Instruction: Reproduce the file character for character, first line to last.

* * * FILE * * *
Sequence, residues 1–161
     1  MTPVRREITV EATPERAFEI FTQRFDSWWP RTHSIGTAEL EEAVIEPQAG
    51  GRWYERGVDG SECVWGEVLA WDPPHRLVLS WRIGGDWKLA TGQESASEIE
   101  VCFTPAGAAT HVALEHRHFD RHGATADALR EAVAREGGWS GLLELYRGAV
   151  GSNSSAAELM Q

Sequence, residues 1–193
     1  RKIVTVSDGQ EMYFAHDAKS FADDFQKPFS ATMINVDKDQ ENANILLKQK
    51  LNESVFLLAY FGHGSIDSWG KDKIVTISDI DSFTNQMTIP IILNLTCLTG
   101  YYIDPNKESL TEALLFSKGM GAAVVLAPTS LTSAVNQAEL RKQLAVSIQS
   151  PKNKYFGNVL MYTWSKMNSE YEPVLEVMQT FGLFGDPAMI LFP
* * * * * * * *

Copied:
Sequence, residues 1–161
     1  MTPVRREITV EATPERAFEI FTQRFDSWWP RTHSIGTAEL EEAVIEPQAG
    51  GRWYERGVDG SECVWGEVLA WDPPHRLVLS WRIGGDWKLA TGQESASEIE
   101  VCFTPAGAAT HVALEHRHFD RHGATADALR EAVAREGGWS GLLELYRGAV
   151  GSNSSAAELM Q

Sequence, residues 1–193
     1  RKIVTVSDGQ EMYFAHDAKS FADDFQKPFS ATMINVDKDQ ENANILLKQK
    51  LNESVFLLAY FGHGSIDSWG KDKIVTISDI DSFTNQMTIP IILNLTCLTG
   101  YYIDPNKESL TEALLFSKGM GAAVVLAPTS LTSAVNQAEL RKQLAVSIQS
   151  PKNKYFGNVL MYTWSKMNSE YEPVLEVMQT FGLFGDPAMI LFP